From nature to history, the region offers a diverse selection of museums. Here is a look at some local museums’ educational programming.
The value of experiential learning is obvious: It's the difference between reading a textbook interpretation and reading a person's own words beside the desk where she wrote them and walking in her fooststeps. Not even the most ardent art history lecturer can compare to the experience of standing inches from a canvas or sculpture with an artist at your side. It's this basic awareness that undergirds the development of learning standards that emphasize primary and multiple sources. And it's this awareness that fueled the passage of the Museum Education Act, approved by the New York State Legislature in June and currently awaits the governor's signature, which would establish a $5 million museum education grant program intended to allow New York's 1,600 or so cultural institutions to serve more school districts in this era of reduced funding for education and the arts.
Here in the Hudson Valley, museum folks have been refining their educational programming for decades. At the FDR Library and Museum in Hyde Park, toured by 30,000 students last year, Education Director Jeffrey Urbin says the process starts in second grade. "The minute students get off the bus, their lunches are put on carts named for FDR's Four Freedoms," he says. "They're learning from the first minute. They meet Fala—a person in a dog costume. The kids all love pets, so there's an immediate emotional connection. There's only so explicit you want to get about the mid-20th century with seven-year-olds. For example, we describe Hitler as 'the world's worst bully' and explain that FDR had to stand up to him, just as they need to stand up to bullies at school."
Grades 4 through 6 are introduced to the five constitutional roles of the presidency through a "pretend you are the president" exercise. "If you ask kids if they think it would be easy, the first answer tends to be 'yes,'" says Urbin. "But then they come to understand that it's more like having homework in every subject every single night." For teens and adult learners, the institution can draw on its collection of some 17 million pages of primary source documents. "If you're looking for two exciting people, [Franklin and Eleanor] were absolutely your guy and gal, and you don't have to be a history geek to get that feeling," says Urbin. "The Depression, the New Deal, the creation of the United Nations—for a time, in the mid-20th century, Hyde Park was truly one of the centers of the earth." The National Park Service offers its programming to all school districts free of charge, and a grant from AT&T helps cover transportation costs for cash-strapped districts. AT&T also collaborates with the National Archives and Records Administration to create digitized "curriculum hubs" that bring the Library and Museum to the classroom, whether in Poughkeepsie, Oshkosh, or Anchorage.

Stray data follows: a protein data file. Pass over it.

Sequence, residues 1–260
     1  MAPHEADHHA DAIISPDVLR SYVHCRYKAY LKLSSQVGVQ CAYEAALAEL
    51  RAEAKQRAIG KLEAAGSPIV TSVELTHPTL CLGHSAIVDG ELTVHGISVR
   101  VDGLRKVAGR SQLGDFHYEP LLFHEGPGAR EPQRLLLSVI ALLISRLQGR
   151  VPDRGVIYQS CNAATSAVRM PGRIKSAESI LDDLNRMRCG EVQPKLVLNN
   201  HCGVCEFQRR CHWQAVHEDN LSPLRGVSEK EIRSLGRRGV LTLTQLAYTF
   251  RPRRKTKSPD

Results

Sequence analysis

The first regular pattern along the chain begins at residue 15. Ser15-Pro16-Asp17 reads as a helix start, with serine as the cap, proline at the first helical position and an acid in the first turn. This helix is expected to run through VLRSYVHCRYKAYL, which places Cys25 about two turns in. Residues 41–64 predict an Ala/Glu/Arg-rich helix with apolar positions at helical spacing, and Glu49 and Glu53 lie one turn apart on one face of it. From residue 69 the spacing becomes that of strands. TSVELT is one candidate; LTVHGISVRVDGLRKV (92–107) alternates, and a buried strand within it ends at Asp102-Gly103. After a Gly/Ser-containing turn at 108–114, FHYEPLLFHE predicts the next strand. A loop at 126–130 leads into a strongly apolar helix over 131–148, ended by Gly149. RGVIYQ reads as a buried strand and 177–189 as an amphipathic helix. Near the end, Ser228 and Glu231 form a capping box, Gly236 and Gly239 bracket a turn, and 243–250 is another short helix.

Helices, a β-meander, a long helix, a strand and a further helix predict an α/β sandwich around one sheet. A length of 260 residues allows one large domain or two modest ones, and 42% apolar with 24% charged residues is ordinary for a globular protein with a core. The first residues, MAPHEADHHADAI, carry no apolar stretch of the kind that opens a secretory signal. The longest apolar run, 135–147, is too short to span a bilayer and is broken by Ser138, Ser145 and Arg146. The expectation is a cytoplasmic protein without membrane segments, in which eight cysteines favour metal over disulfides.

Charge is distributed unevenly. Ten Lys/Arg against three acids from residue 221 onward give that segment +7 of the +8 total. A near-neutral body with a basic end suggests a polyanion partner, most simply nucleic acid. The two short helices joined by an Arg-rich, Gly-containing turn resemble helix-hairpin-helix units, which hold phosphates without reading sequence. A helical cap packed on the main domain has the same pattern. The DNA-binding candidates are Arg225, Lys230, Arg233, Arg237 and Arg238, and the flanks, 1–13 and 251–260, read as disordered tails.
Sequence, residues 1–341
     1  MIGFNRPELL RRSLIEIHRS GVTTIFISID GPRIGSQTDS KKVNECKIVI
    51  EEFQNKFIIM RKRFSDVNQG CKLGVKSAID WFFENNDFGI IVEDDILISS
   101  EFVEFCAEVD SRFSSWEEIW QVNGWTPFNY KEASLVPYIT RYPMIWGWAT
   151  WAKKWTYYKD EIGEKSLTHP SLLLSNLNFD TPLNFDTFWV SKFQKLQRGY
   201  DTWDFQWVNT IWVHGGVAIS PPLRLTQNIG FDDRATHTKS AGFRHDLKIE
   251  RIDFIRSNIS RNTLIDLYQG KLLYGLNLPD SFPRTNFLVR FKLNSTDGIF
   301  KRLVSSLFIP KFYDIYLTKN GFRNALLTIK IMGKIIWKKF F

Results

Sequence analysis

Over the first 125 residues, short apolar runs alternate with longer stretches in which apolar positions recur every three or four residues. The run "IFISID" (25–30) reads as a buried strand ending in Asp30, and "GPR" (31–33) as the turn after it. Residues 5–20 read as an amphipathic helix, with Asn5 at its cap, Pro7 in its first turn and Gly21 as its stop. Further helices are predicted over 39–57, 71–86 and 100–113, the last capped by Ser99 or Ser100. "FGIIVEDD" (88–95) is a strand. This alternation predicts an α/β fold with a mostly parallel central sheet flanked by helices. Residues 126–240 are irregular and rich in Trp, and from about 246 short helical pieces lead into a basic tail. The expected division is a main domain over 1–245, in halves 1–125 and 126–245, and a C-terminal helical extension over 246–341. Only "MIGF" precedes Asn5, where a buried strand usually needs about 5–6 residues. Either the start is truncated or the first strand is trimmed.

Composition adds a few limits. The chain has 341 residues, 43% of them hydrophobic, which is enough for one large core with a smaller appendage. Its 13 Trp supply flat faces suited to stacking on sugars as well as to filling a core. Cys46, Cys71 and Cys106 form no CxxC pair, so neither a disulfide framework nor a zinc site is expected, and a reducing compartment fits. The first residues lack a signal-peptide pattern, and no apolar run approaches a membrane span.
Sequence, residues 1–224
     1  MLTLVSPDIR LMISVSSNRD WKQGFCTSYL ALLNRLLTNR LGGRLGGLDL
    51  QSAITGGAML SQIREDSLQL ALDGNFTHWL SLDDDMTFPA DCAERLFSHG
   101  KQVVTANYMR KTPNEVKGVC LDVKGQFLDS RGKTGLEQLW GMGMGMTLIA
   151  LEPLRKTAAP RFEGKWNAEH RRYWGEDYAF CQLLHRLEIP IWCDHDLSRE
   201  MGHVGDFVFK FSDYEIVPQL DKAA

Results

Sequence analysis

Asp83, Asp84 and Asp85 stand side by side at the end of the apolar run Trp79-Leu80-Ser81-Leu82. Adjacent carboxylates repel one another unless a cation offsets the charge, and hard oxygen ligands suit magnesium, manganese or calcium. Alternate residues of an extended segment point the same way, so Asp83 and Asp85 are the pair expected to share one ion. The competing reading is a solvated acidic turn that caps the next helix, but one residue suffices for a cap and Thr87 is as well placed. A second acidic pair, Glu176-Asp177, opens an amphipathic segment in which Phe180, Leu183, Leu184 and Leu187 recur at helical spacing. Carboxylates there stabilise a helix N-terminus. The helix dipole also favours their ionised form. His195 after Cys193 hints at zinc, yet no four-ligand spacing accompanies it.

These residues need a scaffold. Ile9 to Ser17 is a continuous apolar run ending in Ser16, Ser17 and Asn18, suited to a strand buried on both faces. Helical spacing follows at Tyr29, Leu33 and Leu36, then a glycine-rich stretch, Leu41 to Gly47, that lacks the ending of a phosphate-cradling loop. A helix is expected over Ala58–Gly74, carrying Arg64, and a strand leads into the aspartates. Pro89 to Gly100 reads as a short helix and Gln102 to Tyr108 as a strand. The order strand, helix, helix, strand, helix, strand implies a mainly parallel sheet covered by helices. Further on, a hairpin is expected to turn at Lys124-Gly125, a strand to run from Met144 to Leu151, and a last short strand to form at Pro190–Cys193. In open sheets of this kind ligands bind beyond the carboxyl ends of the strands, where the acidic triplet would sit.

Boats, Boats, Boats
Even without the resources of the National Park Service and a big telecom at their disposal, area museums are fully up to speed with curriculum standards and document-based learning and eager to incorporate schools. "They study the history in school, but it's much more exciting when you grasp that it happened right here under your feet," says Sarah Wassberg Johnson, director of education at the Hudson River Maritime Museum in Kingston. "Reading the words of George Washington to the elders of the Old Dutch Church, a local woman writing to her mother about the Stamp Act, or a letter of passage issued to a British deserter brings it home."
The Maritime Museum offers an in-school document-based experience for grades 4 through 8, drawing on excerpts from John Lambert's Travels Through Lower Canada and the United States of North America, 1806, 1807, and 1808. Thematic on-site field trips range from "Boats, Boats, Boats," for the youngest to Revolutionary War history and environmental stewardship in partnership with Poughkeepsie-based environmental nonprofit organization Clearwater. In spring 2018, students got onboard a replica of the Onrust, the ship used by Captain Adriaen Block in a 1614 expedition to chart Henry Hudson's discoveries. The museum currently offers teachers a menu of 11 curriculum-aligned options and a list of potential funding sources. Johnson says the museum has worked with area educators ever since its beginning in 1980, but the growing recognition of the importance of firsthand learning has created new opportunities. "We started our program for every fourth-grader in Kingston with funding from the Boice Bros. Dairy in 2014. They dedicate the profits from their World's Longest Ice Cream Sundae event. Getting that seed money made a big difference; the district could not have afforded to do it on their own."